WASHINGTON, November 2, 2014 — The cases of two women in Iran this week starkly demonstrate the continued hard-line rule of law in that country. They also show that despite moderate rhetoric, Iranian President Hassan Rouhani has not ushered in a kinder, gentler or more reasonable political culture.
On October 26, officials in Tehran hanged 26-year-old Reyhaneh Jabbari for killing a former intelligence officer who she says tried to sexually assault her.
According to Jabbari, Morteza Abdolali Sarbandi had hired her to redesign his office, but then attempted to attack her when she arrived at his home. She admitted to stabbing Sarbandi in the back with a pen when he tried to attack her. She said she did not kill him, however, and that another man in the house was responsible for Sarbandi’s murder.
Numerous human rights organizations accused Tehran of carrying out a flawed trial. Amnesty International called the investigation and trial, “deeply flawed” and noted that none of Jabbari’s claims were ever investigated. The United Nations human rights group said Jabbari’s confession was extorted, making it null, and that she should have a retrial. Amnesty also reported that judicial authorities pressured Jabbari to replace her attorney with a less experienced one.
As an intelligence officer, Sarbandi was extremely powerful in Iran. His family told the Court the murder was premeditated, and claimed she admitted to buying a knife several days before the murder.
International actors and human rights activists had appealed to Iran to stay the execution, but the government refused.
Jabbari wrote a letter to her mother before her execution. In it, she notes:
The world allowed me to live for 19 years. That ominous night I should have been killed. My body would have been dumped in some corner of the city, and after a few days, the police would have taken you to the coroner’s office to identify my body and there you would also learn that I had been raped as well. The murderer would have never been found since we don’t have their wealth and their power. Then you would have continued your life suffering and ashamed, and a few years later you would have died of this suffering and that would have been that.
On the Iranian justice system, she says:
How optimistic was he who expected justice from the judges! He never questioned the fact that my hands are not coarse like those of a sportswoman, especially a boxer. And this country that you planted its love in me never wanted me and no one supported me when, under the blows of the interrogator, I was crying out and I was hearing the most vulgar terms. When I shed the last sign of beauty from myself by shaving my hair I was rewarded: 11 days in solitary.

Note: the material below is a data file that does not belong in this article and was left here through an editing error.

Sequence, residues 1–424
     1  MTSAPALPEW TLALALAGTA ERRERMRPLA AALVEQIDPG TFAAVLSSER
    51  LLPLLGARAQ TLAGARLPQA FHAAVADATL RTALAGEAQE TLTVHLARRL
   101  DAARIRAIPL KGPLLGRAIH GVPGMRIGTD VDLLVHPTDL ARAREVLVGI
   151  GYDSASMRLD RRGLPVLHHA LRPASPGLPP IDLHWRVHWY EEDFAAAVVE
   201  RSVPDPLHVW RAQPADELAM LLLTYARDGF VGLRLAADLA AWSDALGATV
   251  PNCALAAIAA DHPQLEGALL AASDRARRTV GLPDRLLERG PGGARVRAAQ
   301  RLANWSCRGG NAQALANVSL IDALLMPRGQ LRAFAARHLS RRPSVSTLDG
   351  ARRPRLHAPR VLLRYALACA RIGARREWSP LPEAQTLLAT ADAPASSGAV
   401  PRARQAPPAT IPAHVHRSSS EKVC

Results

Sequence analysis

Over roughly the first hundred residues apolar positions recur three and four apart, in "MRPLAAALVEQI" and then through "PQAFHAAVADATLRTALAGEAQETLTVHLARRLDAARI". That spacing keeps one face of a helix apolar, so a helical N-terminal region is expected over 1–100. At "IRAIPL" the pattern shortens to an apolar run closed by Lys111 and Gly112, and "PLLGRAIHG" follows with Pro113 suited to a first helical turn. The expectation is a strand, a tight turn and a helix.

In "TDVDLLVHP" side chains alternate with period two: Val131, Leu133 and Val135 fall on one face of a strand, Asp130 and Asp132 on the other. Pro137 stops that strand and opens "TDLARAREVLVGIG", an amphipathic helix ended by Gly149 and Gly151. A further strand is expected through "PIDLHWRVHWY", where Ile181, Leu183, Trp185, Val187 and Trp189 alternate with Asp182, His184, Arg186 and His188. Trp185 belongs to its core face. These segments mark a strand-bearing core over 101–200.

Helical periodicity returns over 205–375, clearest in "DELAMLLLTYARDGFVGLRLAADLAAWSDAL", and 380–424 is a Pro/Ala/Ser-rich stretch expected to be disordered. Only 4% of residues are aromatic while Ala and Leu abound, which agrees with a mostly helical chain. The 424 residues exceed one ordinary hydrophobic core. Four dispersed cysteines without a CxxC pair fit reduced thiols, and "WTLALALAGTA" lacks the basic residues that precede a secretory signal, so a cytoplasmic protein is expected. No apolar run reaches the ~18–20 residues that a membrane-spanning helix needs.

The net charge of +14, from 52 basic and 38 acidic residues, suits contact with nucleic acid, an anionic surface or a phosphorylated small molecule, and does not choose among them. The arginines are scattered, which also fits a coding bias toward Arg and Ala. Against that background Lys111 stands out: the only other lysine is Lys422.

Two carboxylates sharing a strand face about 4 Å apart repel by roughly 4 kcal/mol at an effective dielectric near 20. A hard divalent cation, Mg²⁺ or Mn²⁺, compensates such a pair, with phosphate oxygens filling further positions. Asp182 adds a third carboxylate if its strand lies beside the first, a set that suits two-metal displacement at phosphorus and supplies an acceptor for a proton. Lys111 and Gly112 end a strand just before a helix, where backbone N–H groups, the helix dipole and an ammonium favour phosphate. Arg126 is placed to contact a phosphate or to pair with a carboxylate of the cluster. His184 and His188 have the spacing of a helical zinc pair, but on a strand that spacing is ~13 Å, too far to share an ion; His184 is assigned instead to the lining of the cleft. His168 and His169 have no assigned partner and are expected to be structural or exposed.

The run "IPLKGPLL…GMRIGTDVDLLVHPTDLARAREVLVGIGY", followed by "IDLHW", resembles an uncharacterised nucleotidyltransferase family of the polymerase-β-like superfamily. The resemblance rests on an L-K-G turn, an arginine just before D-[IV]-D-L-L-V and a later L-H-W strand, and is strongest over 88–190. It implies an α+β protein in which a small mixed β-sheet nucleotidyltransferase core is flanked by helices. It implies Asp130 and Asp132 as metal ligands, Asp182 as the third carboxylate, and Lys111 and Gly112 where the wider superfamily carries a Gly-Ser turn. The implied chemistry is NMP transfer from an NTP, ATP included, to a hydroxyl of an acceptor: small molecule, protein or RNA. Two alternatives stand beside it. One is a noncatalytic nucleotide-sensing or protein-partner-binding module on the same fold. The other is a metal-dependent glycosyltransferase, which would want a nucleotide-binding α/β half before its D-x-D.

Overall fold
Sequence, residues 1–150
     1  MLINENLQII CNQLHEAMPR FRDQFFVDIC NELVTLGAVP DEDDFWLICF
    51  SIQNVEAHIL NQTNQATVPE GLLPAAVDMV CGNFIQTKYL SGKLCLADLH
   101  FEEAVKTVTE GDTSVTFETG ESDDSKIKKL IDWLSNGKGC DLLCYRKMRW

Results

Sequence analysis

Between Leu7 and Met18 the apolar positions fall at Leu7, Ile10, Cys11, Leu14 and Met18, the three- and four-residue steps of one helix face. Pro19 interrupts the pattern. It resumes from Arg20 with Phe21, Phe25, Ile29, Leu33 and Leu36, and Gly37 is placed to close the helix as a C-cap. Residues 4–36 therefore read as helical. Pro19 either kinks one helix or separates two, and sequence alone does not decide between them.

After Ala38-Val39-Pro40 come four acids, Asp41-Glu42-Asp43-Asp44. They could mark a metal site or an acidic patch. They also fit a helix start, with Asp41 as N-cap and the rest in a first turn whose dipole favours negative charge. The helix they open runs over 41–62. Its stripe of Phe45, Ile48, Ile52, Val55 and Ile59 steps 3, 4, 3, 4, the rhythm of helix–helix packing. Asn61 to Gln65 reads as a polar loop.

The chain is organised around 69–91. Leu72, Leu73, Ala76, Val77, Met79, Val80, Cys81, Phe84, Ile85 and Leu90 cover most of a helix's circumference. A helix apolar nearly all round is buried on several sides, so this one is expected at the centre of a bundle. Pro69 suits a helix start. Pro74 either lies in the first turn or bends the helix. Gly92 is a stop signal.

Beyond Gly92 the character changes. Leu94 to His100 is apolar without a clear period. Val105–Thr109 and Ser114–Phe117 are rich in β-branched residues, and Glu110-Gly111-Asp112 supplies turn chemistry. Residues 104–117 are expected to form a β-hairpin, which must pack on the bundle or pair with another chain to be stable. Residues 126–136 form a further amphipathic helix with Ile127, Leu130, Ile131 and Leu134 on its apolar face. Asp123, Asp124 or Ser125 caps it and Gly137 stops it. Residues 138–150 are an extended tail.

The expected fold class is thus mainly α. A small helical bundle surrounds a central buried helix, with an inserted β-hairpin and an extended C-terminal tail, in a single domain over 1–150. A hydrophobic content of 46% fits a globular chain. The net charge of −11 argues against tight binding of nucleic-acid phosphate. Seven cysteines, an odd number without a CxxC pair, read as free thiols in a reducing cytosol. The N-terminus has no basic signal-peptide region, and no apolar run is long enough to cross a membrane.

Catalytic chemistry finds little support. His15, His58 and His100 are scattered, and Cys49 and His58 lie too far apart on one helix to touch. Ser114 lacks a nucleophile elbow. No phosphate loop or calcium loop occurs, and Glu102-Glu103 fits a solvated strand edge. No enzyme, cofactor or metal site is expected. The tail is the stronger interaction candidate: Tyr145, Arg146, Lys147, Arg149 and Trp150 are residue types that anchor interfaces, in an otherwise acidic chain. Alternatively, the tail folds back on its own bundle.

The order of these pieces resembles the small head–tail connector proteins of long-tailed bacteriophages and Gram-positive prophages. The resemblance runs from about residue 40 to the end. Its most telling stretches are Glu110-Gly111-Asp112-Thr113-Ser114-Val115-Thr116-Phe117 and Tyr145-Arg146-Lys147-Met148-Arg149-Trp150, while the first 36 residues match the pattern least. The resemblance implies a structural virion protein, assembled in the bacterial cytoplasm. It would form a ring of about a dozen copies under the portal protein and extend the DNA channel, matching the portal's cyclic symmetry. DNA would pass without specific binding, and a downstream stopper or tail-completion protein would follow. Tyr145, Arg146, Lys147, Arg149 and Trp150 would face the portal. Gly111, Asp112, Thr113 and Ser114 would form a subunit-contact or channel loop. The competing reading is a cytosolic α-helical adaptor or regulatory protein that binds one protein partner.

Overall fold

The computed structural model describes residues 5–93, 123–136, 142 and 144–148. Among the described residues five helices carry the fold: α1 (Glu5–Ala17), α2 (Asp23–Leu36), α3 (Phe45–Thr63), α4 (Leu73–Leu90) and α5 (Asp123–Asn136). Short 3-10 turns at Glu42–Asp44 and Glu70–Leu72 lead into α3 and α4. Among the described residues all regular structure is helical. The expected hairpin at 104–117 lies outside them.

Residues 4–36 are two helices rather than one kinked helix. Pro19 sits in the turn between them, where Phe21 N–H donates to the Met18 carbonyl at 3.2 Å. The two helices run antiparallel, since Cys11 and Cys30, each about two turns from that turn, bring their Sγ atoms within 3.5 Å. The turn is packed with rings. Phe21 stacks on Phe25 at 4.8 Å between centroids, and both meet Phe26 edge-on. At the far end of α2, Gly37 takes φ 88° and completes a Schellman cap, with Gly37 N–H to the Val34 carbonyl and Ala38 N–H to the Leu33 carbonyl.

The world did not love us. It did not want my fate. And now I am giving in to it and embracing death. Because in the court of God I will charge the inspectors, I will charge inspector Shamlou, I will charge the judge, and the judges of the country’s Supreme Court that beat me when I was awake and who did not refrain from harassing me. In the court of the creator I will charge Dr. Farvandi, I will charge Qassem Shabani and all those who, out of ignorance or with their lies, wronged me and trampled on my rights and didn’t pay heed to the fact that sometimes what appears as reality is different from it.
Iran followed Jabbari’s execution with a one-year sentence for a British-Iranian woman who attempted to attend a men’s volleyball match. In a closed trial where no family members were allowed, 25-year-old Ghoncheh Ghavami was convicted of “propagating against the Islamic State of Iran.”
On June 20, Ghavami and 40 others demonstrated outside Tehran’s Azadi Statium and demanded that women be allowed to watch the volleyball match between Iran and Italy. The demonstrators were arrested and then released.
In Iran, women are prohibited from watching certain male sporting events, including football and volleyball.
Ten days later, Ghavami was re-arrested. Authorities held her in solitary confinement with no access to an attorney for several weeks. Her family says that authorities used intimidation and psychological torture against her while she was in custody.
After 100 days in detention without a trial, Ghavami and her mother went on a hunger strike. The state then officially charged her and granted her a trial date.
Her attorney says there is no grounds for appeal, but hopes her sentence will be reduced for “good behavior.”
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